One of the mysteries of the English language finally explained.
- past and past participle of spell
An old kind of wheat with bearded ears and spikelets that each contain two narrow grains, not widely grown but favoured as a health food.
Triticum spelta, family Gramineae
- ‘In the humid Midwestern United States, wheat should never follow wheat or spelt in the rotation sequence.’
- ‘For loaf breads, grind the millet to a fine flour and then combine it with three times as much spelt, barley, or wheat flour.’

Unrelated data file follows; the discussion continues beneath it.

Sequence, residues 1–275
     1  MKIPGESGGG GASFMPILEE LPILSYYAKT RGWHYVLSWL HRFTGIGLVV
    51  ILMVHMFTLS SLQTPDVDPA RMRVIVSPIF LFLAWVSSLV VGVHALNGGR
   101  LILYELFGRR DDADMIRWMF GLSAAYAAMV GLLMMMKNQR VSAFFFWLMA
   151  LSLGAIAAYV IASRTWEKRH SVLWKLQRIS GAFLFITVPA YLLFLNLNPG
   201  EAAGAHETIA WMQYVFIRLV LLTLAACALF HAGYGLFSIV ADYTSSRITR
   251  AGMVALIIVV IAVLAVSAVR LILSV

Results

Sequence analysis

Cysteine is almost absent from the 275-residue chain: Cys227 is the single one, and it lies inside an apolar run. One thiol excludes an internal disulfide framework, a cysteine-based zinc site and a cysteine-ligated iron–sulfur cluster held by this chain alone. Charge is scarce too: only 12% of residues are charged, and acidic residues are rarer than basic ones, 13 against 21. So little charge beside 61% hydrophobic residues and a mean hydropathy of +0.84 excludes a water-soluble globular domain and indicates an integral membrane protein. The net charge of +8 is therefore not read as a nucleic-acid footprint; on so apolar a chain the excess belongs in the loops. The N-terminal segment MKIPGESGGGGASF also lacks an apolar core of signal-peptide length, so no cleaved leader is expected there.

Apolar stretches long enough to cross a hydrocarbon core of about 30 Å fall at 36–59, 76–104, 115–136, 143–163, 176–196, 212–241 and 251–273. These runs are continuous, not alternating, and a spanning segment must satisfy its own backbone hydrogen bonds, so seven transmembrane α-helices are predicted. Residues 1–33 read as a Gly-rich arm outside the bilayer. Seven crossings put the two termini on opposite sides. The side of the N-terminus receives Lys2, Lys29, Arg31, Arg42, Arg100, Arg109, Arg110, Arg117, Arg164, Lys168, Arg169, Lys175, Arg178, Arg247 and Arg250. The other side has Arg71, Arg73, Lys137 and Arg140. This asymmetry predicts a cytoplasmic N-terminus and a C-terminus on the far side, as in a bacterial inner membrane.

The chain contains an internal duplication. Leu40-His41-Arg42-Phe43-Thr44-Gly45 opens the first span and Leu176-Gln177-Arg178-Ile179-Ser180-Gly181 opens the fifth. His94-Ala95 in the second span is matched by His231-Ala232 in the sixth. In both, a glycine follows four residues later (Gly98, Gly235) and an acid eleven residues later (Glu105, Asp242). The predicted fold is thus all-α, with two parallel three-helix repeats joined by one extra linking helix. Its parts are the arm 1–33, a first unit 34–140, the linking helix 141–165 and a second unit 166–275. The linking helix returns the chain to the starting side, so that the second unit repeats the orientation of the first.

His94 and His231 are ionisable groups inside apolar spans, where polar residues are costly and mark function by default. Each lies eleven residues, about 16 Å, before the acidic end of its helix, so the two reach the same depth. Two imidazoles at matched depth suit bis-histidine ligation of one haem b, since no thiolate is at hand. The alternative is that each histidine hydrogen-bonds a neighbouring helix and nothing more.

- ‘Soybeans, corn, wheat and spelt are the focus, along with some dry beans, a little oats, and assorted cover crops.’
- ‘For those who cannot tolerate the gluten in spelt and wheat, there are gluten-free options.’
- ‘Little of the wheat or spelt in New York made baking quality; farmers just couldn't get into the sodden fields to harvest before the grain sprouted.’
Late Old English, from Old Saxon spelta. The word was rare until the 16th century, when it was readopted from Middle Dutch.
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